Page:Men of the Time, eleventh edition.djvu/774

From Wikisource
Jump to navigation Jump to search
This page needs to be proofread.



passage of the Sdilei, and led the military actions, which issued, in March, in the occupation of Jut- land. On the conclusion of the war with Denmark, when the course of affairs in the Elbe Duchies, and the question of their administration and distribution, gave rise to mis- understandings between Prussia and Austria, General von Man- teuffel exerted himself to bring about an amicable agreement be- tween the two powers. The Con- vention of G^a8tein, which effected this object, was chiefly the work of the General. Already in June, 1865, he had been intrusted with the supreme command of the troops in the Elbe Duchies ; and, as a re- sult of the Gastein Convention, was, on Aug. 22, nominated Gover- nor of the Duchy of Schleswig, and Commander of the Prussian troops in Holstein, and of the Prussian marines stationed at Kiel. The outbreak of the war witJi Austria, in 1866, called the General a second time to active warfare. On June 6 he received orders to advance into Holstein j on the 11th he occupied Altona, and undertook the govern- ment of Holstein ; on the 15th he crossed the Elbe near Altona, and advanced into Northern Hanover; on the 18th he passed with those troops of his corps which had ad- vanced into Hanover under the command of the General of In- fantry, Vogel von Falkenstein, and took part in the hemming in of the Hanoverian troops, and in the operations in Saxony and Fran- conia. On July 20 General Man- teuffel undertook the command-in- chief of the Army of the Maine, in succession to General Vogel von Falkenstein, and led it, strength- ened by various additions of troops, towards Darmstadt and the Oden- wald, in order to engage it with the 7th and 8th Army Corps, taking part personally in the fights of Hansen, Helmstadt, Vettingen, Boesbrunn, and Wflrzburg. For these services the King of Prusia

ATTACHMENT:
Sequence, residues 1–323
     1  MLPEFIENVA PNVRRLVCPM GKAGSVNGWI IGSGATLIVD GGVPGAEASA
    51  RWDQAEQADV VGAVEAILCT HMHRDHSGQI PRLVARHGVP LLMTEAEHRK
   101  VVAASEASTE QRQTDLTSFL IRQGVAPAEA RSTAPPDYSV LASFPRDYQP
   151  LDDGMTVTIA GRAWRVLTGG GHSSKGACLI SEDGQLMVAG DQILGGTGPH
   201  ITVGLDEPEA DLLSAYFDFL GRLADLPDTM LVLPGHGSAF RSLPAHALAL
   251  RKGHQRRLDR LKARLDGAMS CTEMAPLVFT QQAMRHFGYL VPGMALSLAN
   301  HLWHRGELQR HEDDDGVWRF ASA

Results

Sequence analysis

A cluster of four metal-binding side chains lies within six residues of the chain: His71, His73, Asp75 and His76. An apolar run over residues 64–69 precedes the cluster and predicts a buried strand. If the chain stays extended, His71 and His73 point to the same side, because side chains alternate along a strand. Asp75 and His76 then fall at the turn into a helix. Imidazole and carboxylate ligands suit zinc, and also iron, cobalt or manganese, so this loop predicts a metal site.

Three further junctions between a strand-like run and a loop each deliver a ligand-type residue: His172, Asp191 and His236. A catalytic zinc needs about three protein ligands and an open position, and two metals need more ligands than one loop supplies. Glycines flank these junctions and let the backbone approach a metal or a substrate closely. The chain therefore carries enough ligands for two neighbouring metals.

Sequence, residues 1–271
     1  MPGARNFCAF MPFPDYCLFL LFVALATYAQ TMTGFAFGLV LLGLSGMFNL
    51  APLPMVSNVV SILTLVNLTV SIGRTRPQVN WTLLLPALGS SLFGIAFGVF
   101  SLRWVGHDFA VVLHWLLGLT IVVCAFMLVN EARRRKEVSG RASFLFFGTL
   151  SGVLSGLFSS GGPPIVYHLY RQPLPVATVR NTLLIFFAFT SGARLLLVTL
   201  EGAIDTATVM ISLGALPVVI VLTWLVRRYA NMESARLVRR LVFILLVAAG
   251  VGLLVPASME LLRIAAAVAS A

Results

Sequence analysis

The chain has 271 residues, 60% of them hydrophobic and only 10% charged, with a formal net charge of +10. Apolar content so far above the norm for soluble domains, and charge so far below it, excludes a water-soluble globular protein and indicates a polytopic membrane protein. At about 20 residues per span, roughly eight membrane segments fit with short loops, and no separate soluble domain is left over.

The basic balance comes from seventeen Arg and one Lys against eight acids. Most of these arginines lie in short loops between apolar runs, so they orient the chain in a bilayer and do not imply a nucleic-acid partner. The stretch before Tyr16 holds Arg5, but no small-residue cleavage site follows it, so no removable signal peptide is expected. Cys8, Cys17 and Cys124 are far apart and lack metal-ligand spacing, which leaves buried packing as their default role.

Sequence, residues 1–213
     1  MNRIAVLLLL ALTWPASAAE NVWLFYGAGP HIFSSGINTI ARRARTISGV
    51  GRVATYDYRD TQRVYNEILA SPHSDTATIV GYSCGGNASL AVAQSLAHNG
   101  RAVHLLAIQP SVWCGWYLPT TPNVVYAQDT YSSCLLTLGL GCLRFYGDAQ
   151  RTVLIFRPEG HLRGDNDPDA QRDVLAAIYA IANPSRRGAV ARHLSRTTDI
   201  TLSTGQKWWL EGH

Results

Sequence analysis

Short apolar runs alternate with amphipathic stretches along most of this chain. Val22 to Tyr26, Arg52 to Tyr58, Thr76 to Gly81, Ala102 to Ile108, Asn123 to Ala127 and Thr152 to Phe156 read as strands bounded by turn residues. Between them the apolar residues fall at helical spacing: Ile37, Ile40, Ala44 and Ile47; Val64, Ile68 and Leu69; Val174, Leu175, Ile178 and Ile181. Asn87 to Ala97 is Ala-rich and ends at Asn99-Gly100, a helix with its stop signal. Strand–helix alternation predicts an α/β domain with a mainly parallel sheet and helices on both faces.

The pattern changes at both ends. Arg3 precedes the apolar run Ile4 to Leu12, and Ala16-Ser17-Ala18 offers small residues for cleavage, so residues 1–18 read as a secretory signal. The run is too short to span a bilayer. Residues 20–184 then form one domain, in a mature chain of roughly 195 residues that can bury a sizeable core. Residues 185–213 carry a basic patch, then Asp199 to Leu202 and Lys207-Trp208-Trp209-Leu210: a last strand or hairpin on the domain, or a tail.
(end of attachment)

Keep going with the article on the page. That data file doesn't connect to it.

conferred upon him the order P<mr le M4rite, After the conclusion of peace, Manteuffel received a diplo- matic mission to St. Petersburg, iot the purpose of obtaining the recog- nition by the Eussian government of the results of the war. On his return &om Russia, General Man- teuffel was named General-in-Com- mand of the troops in Schleswig- Holstein; and on Sept. 20 was advanced to the rank of General of Cavalry and Chief of the Rhenish Eegiment of Dragoons (No. 5) ; and on Oct. 80, to that of Commandant of the Ninth Army Corps. On Jan. 19, 1867, he was, at his own request, released from this appointment, and settled down in Naumberg, where he held a canonry, with the view of obtaining repose. On April 8, 1868, he was nominated General- in-Command of the First Army Corps, in place of General von Falkenstein, which corps, that of the East Prussians, the General again led into the field in 1870-71. This army corps came under fire first at CourceUes and Noisseville, was concerned after the capitula- tion of Metz with the evacuation of the camp and the transport of the prisoners of war to Germany ; re-entered the campaign against the north-eastern fortresses, and against the Army of the North, organised under General Bourbaki. Having rendered brilliant services, he was transferred with a corps to the south, to the line of the Sa6ne, in order to undertake the command of the German army, and operate against the south and soutii-east armies of the French. Here, by a dexterous and rapid flank march, he cut the communication between the army of Bourbaki, beaten back by General von Werder, and Lyon and Nevers, and so absolutely com- pleted its defeat, driving it, by the passes of the Jura, on to the Swiss territory. General Manteuffel was formally invested, at Berlin, with the insignia of the Order of the Black Eagle, Jan. 18, 1872. He